Groce infusing confidence in Abrams
ATLANTA — It’s hard to be sure of what Illinois’ record would be this season without Tracy Abrams. It surely wouldn’t be 7-0 entering tonight’s Big Ten/ACC Challenge game at Georgia Tech (6:15 p.m., ESPN2), not after the junior point guard came to the rescue Friday at State Farm Center to bail the Illini out of an 11-point hole they dug in the first half of a 57-55 win against IPFW.
Abrams’ teammates know it. Illinois coach John Groce knows it, too, which is why the second-year boss greeted Abrams with a big hug in the locker room after the 6-foot-2 Chicagoan scored 12 of his 15 points in the second half of Friday’s win.
And in response to naysayers complaining about Abrams’ field goal percentage (32.5) and his three-point accuracy (17.4), Groce said they can “shove it wherever they want to shove it” and lauded his guard’s toughness during Friday’s postgame news conference. “Dude’s a winner,” Groce said of his starting point guard.
“That’s great to know that he feels that way about me. At the same time, it reminds me to stay humble and to just be positive, and I just try to keep that mind-set through ups and downs,” said Abrams, whose 11.1 scoring average is third on the team.
It’s not the first time Groce has gone on the offensive to stick up for one of his players at Illinois.
Last season, after senior guard D.J. Richardson broke out of a 5-for-28 shooting slump from behind the three-point line, Groce went to bat for him in a postgame news conference after beating Ohio State at home.
“I’ll be honest, I’m tired of people making a big deal out about his deal,” Groce said of Richardson in January. “He’s going to keep shooting because I’m going to tell him to keep shooting. He defends, plays the other team’s best guy almost every night, hardly anyone talks about that. He rebounds; it’s not like he’s an above-the-rim athlete. He screens, dives on loose balls and he plays to win, and I’m not trading him. I love that kid.”
That statement resonated with Richardson, who finished the season as Illinois’ unquestioned leader during a run to the NCAA tournament Round of 32.
“I just respected him for it. It was the truth,” Richardson said. “When Coach Groce put that statement out there, it let a lot of other people know I did more for the team than shoot the ball. I provided leadership, helping out other guys, things that don’t show up in the scouting report or on the stat sheets. Coach Groce defended me on that, and that’s just the type of guy he is.”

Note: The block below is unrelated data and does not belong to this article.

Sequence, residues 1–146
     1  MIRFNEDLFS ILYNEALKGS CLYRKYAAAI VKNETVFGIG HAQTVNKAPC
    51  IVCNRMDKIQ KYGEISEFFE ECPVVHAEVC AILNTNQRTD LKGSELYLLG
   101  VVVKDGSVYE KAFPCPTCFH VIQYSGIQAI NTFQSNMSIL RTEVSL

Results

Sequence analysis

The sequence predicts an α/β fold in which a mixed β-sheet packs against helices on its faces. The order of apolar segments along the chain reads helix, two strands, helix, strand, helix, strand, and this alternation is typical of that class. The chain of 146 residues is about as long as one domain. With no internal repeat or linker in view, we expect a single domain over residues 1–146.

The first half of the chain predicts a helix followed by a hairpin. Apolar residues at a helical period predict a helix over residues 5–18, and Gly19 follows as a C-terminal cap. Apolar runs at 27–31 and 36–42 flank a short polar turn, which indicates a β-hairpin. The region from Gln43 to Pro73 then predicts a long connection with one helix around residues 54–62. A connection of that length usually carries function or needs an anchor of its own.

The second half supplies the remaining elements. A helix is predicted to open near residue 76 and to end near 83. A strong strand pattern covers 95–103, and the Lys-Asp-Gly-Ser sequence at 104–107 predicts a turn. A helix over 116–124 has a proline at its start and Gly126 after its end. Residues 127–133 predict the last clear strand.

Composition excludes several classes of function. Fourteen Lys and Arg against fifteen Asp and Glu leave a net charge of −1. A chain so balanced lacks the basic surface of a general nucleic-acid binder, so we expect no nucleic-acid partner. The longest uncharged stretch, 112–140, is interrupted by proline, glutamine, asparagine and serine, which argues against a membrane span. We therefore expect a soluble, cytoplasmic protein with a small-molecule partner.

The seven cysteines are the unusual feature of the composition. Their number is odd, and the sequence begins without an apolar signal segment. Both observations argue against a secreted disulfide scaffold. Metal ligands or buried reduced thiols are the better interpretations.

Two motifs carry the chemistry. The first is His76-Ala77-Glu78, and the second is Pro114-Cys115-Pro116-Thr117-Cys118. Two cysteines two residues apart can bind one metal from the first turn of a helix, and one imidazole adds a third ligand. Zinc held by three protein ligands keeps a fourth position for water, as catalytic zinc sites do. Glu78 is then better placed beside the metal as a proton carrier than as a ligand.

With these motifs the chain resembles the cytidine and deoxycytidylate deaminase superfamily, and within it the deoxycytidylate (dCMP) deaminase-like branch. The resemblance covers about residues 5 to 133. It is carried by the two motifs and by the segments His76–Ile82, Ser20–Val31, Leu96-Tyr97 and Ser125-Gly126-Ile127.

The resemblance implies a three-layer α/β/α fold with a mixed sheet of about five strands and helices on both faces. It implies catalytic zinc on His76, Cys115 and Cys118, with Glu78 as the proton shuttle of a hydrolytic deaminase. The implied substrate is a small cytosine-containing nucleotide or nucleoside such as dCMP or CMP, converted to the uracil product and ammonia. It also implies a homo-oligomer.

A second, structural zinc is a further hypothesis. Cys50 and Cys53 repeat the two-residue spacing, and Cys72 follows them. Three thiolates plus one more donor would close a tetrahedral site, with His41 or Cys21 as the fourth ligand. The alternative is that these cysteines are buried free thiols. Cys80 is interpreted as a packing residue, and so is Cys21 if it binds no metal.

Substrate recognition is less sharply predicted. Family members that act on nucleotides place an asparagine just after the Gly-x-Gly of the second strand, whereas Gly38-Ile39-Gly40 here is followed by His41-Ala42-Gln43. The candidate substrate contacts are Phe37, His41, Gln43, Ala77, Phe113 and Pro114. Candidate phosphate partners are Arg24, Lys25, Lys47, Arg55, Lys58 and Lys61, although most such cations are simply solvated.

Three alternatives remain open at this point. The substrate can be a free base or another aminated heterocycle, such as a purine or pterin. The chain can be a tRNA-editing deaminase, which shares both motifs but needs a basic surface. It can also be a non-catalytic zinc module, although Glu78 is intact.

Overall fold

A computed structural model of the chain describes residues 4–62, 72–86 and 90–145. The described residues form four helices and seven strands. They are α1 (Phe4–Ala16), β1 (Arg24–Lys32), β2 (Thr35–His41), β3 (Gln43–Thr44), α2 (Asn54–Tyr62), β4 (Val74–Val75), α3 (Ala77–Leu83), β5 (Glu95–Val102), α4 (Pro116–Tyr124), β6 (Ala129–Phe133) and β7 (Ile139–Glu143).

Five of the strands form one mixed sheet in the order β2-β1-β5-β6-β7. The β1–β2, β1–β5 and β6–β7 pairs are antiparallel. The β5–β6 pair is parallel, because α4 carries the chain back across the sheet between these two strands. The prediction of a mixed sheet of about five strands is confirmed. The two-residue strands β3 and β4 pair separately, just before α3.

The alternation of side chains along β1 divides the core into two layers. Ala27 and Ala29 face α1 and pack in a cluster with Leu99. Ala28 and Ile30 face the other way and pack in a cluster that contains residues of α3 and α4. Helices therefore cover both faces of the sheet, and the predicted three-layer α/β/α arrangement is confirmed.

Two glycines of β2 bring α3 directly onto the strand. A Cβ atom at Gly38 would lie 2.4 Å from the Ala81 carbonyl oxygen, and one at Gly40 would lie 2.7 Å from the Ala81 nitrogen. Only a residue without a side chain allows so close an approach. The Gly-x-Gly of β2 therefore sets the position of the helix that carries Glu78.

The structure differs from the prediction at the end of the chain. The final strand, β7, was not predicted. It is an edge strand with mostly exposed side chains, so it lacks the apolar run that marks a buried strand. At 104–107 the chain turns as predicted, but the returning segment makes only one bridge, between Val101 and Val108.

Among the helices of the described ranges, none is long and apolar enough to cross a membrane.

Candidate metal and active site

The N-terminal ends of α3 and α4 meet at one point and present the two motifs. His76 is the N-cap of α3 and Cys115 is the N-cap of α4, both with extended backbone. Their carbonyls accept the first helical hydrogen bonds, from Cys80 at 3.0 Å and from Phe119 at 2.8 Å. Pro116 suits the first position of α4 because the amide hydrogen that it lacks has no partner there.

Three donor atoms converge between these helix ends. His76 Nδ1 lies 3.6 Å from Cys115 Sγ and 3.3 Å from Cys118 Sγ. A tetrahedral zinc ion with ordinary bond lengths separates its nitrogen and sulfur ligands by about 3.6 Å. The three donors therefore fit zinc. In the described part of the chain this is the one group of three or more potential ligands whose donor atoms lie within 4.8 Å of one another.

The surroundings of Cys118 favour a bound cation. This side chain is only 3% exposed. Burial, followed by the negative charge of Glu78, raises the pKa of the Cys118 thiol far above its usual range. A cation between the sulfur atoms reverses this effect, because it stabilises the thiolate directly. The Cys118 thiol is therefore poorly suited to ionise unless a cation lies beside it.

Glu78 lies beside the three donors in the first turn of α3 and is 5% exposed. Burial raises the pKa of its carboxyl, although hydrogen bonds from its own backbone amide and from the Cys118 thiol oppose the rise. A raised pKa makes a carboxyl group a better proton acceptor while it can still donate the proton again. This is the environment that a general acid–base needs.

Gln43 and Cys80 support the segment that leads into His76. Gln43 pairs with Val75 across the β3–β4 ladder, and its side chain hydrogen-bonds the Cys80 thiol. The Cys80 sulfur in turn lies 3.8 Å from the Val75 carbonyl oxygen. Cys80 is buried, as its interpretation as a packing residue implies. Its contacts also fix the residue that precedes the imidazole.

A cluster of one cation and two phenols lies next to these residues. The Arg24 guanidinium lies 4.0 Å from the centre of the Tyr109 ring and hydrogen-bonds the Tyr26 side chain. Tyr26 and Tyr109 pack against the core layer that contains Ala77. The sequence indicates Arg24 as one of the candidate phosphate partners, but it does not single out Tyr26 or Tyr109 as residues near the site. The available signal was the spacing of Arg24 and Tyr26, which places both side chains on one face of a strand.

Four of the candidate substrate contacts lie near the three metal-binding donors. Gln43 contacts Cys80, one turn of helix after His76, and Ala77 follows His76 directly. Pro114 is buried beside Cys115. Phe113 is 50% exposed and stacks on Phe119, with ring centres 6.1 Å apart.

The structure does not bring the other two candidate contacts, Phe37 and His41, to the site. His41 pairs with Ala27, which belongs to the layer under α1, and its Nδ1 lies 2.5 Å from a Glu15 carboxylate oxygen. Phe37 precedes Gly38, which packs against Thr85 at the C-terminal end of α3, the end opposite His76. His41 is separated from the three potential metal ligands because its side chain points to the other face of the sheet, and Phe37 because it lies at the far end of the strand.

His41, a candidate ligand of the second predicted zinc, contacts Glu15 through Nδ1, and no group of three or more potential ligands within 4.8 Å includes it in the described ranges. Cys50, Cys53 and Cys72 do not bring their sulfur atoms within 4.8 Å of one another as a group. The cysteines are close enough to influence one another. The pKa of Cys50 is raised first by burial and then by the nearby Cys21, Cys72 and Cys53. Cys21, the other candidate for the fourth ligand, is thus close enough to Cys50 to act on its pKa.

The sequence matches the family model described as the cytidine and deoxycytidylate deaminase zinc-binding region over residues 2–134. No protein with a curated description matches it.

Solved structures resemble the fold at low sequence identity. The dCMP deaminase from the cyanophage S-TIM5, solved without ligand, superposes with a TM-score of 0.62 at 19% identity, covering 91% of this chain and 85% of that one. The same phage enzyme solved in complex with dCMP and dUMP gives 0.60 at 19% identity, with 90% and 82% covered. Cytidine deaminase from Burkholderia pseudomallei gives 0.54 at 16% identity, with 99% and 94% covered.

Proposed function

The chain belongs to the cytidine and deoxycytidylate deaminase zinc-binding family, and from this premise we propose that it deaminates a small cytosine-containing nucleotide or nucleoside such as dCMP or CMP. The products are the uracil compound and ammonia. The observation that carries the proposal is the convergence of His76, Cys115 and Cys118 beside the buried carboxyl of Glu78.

Richardson and Abrams are the two players for whom Groce has had to publicly go to bat, and they’re not even guys he recruited into the program. Since he took over for Bruce Weber in March 2012, Groce has always maintained that all the players in the program are his guys, whether he brought them into it or not.
“I enjoy our guys, we’ve got really good guys. I enjoy getting to know them,” Groce said. “I’ve coached those guys two years. Even though we recruited the other guys, you only have contacts and evaluations with those guys when they get to campus. You get to know them during the recruiting process, but you really don’t get to know them in full until you actually coach them.”
Having a coach stick up for you the way Groce is known to do goes a long way toward ensuring a player remains in a frame of mind to produce at the highest level he’s capable.
Though he’s not shooting it at the clip he might like, Abrams isn’t lacking for confidence in his shooting, or any part of his game, for that matter.
“It’s great for me and I think it’s great for the team overall to have that support and know that Coach Groce is going to have your back,” Abrams said. “It’s a great quality for your coach to have, and not a lot of people can say that. My high school coach (Mount Carmel’s Kevin Flaherty) was like that. He helped me out a lot. Coach Groce is definitely different than the rest. He just brings a certain level of energy every day, and it’s good to have a guy come in every day with energy as consistently as he does.”
As long as Groce and his energy are occupying the Illinois sideline, what you’ll see is a team and individuals playing with a belief that won’t be outdone by many others.
“There’s no reason to not have confidence if you have a coach that goes out there and lets you have freedom to just play ball out there,” Richardson said. “There’s no reason to lose confidence when you’ve got a coach on your side like Coach Groce.”